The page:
16. Jackler RK, Luxford WM, House WF. Congenital malformations of the inner ear: a classification based on embryogenesis. Laryngoscope. 1987;97(3 Pt 2 Suppl 40):2–14.PubMedGoogle Scholar
  17. James AL, Papsin BC. Some considerations in congenital cholesteatoma. Curr Opin Otolaryngol Head Neck Surg. 2013;21(5):431–9.View ArticlePubMedGoogle Scholar
  18. Friedberg J. Congenital cholesteatoma. Laryngoscope. 1994;104(3 Pt 2):1–24.View ArticlePubMedGoogle Scholar
  19. Huang JM. Epidermoid formation in the developing middle ear and its relationship to congenital cholesteatoma]. Zhonghua Er Bi Yan Hou Ke Za Zhi. 1993;28(4):228–30. 252–3.PubMedGoogle Scholar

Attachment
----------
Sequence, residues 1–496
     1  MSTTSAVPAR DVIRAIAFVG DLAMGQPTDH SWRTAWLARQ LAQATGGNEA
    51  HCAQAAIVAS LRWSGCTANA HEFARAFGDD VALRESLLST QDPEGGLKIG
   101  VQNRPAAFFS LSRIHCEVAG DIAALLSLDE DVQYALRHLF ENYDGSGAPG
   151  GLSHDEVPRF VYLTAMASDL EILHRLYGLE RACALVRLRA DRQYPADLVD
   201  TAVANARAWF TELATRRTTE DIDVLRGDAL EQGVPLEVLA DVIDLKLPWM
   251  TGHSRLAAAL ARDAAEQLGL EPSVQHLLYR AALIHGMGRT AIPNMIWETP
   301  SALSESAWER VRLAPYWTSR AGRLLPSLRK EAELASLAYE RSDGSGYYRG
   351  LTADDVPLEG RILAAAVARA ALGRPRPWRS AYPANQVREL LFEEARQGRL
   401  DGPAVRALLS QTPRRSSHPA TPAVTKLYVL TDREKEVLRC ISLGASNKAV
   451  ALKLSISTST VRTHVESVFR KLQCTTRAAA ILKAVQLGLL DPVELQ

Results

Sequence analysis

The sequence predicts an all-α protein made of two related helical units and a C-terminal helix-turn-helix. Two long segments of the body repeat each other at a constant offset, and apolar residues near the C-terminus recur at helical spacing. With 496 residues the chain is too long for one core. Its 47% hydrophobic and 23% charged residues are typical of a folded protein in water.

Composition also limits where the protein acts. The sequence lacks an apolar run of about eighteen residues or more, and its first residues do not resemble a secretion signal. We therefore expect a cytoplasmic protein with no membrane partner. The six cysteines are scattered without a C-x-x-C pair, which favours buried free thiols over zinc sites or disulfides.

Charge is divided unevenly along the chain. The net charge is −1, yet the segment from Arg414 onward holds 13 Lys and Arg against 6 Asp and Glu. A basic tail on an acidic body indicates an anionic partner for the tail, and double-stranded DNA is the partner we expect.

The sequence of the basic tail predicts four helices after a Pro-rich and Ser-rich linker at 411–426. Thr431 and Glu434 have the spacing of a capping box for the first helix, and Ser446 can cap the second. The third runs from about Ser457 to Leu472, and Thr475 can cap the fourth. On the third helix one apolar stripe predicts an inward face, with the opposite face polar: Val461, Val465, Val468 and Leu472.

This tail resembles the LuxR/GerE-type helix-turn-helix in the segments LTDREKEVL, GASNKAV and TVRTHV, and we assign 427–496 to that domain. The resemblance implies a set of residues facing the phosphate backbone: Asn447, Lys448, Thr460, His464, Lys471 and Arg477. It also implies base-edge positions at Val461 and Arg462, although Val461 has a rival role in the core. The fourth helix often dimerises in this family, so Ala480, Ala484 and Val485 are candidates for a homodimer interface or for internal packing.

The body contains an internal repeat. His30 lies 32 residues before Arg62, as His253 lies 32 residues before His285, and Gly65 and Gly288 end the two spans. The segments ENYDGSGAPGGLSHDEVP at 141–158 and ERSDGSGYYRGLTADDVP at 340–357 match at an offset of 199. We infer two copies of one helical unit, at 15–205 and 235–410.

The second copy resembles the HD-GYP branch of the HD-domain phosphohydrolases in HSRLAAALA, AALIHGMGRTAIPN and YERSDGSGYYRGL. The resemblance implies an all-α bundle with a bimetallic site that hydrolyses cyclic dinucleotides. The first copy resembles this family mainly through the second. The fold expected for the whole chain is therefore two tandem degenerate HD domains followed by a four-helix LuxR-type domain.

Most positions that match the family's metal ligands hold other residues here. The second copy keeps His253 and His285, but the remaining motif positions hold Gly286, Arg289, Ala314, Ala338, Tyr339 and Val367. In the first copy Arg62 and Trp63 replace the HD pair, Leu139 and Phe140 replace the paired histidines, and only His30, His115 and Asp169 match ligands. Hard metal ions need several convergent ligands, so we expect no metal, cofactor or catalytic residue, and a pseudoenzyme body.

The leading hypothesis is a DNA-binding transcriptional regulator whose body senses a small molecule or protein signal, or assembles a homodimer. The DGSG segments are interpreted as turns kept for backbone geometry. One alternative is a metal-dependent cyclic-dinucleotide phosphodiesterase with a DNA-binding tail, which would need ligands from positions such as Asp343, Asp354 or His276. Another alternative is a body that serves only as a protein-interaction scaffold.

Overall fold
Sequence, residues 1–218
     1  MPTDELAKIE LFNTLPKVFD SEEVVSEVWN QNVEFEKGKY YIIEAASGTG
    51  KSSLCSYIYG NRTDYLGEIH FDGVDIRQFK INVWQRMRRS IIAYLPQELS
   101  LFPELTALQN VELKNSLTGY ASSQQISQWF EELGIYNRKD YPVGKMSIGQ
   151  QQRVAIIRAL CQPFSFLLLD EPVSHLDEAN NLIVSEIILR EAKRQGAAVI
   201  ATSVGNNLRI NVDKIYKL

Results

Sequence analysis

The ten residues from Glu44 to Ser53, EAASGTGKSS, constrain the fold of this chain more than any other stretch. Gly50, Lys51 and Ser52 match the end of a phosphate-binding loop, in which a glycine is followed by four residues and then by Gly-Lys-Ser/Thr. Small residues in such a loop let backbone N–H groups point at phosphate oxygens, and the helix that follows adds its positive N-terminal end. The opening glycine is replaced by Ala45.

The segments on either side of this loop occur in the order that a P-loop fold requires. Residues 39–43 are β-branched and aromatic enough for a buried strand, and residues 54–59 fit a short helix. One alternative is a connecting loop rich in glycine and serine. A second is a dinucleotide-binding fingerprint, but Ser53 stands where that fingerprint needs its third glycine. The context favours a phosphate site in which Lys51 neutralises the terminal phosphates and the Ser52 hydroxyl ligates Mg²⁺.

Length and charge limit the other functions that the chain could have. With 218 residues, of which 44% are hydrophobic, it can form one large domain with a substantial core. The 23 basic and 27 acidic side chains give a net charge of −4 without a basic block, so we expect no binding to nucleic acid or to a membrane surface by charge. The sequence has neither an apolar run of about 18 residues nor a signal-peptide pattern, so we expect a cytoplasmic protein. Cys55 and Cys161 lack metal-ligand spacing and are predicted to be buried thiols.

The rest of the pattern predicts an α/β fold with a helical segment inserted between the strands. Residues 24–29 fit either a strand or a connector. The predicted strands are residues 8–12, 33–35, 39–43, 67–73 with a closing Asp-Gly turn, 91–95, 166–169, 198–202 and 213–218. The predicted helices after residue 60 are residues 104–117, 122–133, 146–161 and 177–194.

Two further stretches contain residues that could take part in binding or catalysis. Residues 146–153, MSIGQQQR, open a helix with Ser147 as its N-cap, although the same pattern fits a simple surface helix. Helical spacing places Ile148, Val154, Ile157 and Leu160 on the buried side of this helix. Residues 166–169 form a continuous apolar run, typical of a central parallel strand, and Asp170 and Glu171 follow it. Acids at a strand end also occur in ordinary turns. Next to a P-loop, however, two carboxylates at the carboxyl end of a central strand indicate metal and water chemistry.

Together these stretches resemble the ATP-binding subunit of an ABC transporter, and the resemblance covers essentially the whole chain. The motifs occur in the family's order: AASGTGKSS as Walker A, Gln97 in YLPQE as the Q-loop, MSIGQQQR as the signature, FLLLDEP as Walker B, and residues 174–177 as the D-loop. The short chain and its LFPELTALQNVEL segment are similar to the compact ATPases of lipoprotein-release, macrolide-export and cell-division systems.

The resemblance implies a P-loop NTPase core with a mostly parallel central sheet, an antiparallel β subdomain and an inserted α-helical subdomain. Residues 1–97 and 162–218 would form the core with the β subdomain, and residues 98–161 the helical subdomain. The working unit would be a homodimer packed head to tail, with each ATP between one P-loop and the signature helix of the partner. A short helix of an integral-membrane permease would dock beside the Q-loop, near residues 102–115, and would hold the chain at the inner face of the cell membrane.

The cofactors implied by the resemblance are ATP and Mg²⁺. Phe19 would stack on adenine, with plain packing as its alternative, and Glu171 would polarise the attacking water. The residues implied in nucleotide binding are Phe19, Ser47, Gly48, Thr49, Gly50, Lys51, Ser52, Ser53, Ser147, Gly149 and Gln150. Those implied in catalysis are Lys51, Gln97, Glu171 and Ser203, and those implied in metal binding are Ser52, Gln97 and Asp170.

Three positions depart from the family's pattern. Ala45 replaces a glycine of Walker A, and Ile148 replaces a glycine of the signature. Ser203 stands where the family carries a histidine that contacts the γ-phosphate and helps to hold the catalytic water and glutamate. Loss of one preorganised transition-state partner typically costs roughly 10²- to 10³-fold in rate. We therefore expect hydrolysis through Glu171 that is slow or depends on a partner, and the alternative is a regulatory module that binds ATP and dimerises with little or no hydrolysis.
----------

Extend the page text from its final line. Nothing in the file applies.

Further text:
20. James AL, Papsin BC, Blaser S, Determining the growth rate of congenital cholesteatoma In Ozgirgin ON Editor, Surgery of the ear current topics, Ankara, Turkey. Rekmay Publishing Ltd. 2009, pp 40–43.Google Scholar
  21. Lammers MJ, van der Heijden GJ, Pourier VE, Grolman W. Bilateral cochlear implantation in children: a systematic review and best-evidence synthesis. Laryngoscope. 2014;124(7):1694–9.View ArticlePubMedGoogle Scholar

Copyright

© Mierzwinski et al. 2016

Advertisement